For our nation to thrive, we need our economy growing, our national security strong, our freedoms defended, our Constitution protected, and, most importantly, we need presidential transfers of power to be peaceful.
Long Island’s three Democratic Congress members have spoken out in support of removing President Donald J. Trump from office after his supporters violently stormed the Capitol building last week. Long Island’s two Republican Congressman have remained silent regarding the president’s influence on the riot or whether he should be removed.
While Democrats hope to recapture a Congressional majority to block President Trump’s agenda this Election Day, Long Island could play a pivotal role in potentially flipping the Republican-led New York State Senate.
Lingering questions regarding the ill-fated Yemen mission—the first one in that country since 2014—have prompted calls for a congressional investigation into how the operation was planned and approved so early in the Trump administration’s tenure, rather than relying solely on a Pentagon inquiry, which is customary yet could take months and never be made public. Long Island’s delegation is split over the issue. Meanwhile, the United States launched new airstrikes in Yemen Wednesday night.
Suozzi’s approach to meeting his constituents was quite different from the one taken by second-term Congressman Rep. Lee Zeldin (R-Shirley), who held an hour-long teleconference.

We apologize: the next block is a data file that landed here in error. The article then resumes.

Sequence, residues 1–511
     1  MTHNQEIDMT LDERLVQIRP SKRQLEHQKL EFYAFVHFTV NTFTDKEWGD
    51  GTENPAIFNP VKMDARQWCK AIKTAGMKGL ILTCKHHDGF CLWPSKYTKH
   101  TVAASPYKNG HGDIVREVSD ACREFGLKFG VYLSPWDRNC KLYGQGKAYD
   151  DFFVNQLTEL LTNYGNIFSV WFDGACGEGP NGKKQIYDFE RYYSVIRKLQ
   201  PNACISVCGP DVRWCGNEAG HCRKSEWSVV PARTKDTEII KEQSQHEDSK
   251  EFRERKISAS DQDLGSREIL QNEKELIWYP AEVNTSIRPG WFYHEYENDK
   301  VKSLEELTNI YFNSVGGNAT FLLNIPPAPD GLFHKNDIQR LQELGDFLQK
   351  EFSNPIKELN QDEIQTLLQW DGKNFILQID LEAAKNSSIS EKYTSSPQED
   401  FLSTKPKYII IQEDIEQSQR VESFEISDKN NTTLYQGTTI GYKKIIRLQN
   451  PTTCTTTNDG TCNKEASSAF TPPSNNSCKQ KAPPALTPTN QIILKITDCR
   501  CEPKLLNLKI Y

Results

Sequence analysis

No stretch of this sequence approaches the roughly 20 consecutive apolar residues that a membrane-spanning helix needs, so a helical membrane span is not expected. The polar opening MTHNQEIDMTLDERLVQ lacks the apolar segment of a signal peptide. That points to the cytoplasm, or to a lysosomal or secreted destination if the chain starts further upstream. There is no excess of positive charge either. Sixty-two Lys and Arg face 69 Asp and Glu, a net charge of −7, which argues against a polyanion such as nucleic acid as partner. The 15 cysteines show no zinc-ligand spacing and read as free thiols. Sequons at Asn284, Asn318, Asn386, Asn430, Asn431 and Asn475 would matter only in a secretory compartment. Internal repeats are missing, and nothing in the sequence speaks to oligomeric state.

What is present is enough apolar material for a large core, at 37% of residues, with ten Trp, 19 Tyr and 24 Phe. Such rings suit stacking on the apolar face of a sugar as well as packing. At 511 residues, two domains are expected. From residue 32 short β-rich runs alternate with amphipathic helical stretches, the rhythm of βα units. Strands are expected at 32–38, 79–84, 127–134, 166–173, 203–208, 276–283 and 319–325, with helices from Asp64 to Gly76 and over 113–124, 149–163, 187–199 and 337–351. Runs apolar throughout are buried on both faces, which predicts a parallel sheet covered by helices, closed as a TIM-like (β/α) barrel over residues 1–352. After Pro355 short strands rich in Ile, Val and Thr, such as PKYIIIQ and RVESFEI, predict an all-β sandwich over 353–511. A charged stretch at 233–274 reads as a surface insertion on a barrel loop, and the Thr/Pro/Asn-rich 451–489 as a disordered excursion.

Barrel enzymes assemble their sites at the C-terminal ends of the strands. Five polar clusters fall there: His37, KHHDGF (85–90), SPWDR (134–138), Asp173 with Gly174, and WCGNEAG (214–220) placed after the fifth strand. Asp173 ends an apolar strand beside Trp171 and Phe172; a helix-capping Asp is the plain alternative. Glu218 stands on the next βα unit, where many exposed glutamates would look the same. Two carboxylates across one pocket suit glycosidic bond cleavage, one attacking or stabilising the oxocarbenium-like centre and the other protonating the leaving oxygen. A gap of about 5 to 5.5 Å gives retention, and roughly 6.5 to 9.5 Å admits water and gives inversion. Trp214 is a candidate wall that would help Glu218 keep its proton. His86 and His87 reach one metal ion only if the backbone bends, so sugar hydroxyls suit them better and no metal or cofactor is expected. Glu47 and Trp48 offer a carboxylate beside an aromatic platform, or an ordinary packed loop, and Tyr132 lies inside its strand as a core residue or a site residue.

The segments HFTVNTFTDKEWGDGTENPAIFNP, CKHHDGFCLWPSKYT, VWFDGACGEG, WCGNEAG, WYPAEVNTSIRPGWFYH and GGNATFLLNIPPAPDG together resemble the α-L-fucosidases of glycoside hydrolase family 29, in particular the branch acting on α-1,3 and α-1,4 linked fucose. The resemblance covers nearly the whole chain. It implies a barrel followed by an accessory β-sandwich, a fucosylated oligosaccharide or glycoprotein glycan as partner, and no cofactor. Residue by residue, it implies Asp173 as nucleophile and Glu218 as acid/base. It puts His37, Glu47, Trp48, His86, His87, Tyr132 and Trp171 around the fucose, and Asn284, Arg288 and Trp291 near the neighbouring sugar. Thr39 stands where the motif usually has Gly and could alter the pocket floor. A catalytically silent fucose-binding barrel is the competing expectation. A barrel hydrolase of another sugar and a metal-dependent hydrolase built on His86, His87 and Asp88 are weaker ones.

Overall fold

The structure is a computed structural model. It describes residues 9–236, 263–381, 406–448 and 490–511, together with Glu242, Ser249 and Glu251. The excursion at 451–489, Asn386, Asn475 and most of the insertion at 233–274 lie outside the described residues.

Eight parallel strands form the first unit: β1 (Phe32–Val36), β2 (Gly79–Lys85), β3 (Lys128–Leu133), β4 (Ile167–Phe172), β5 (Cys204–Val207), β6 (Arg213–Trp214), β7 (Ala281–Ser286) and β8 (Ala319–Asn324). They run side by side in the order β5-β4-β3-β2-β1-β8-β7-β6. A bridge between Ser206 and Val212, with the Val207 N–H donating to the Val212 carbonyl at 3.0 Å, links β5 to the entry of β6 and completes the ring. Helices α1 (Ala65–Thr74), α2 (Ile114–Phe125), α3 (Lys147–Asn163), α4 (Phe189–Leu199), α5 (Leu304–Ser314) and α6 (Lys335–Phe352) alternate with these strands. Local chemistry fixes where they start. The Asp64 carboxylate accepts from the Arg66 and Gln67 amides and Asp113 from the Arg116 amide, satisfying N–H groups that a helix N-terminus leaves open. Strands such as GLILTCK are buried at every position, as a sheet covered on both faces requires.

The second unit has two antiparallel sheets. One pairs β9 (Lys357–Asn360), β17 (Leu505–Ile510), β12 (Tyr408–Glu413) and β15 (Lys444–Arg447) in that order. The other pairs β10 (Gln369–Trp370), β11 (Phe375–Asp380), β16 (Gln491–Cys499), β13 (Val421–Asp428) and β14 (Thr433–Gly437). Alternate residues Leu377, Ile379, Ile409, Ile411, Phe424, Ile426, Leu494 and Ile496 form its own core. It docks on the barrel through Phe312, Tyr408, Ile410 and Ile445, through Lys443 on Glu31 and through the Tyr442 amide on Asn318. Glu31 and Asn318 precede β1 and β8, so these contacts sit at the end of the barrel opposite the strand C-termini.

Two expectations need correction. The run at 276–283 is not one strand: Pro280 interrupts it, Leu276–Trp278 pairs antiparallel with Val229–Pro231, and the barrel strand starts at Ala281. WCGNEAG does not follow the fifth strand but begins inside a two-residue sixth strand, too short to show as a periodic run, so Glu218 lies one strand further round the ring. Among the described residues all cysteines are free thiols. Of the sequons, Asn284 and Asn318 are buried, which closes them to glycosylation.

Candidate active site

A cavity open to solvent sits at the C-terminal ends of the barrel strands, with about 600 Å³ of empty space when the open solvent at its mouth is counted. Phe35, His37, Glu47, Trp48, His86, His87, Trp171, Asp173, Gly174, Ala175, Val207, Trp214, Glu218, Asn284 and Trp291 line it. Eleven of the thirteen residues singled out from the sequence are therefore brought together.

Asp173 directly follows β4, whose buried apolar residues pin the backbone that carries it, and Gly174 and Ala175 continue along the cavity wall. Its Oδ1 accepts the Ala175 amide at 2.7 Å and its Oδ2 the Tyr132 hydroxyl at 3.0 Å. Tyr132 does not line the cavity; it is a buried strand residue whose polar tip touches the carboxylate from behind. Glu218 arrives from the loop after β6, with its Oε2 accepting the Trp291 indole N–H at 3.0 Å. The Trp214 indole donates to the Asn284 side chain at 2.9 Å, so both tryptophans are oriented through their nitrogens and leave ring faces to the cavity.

While Republican lawmakers have been the focus of passionate town hall events in recent days, there appears to be an appetite for such meetings across the political spectrum.
Last January, eight-term Long Island Congressman Steve Israel shocked the Beltway by announcing he was leaving the House of Representatives. Now, a year later,...
At the state level, the economic impact of the Affordable Care Act’s repeal would mean a loss of $595 million. According to the governor, New York’s counties have been able to directly use the additional federal Medicaid funding through Obamacare to lower property taxes.
Jonathan Clarke's campaign war chest is practically empty compared to his Democratic primary rivals, but in this election year he thinks voters want ethics reform--and that's where he comes in. New York voters are so angry at the status quo, he insists, that ethics reform is a winning formula. He says that an underdog like him has a chance because the electorate is sick and tired of the corruption that has already led to federal convictions of two of the most powerful men in Albany: the former State Senate Majority Leader Dean Skelos (R-Rockville Centre) and the ex-State Assembly Speaker Sheldon Silver (D-Manhattan).
12Page 1 of 2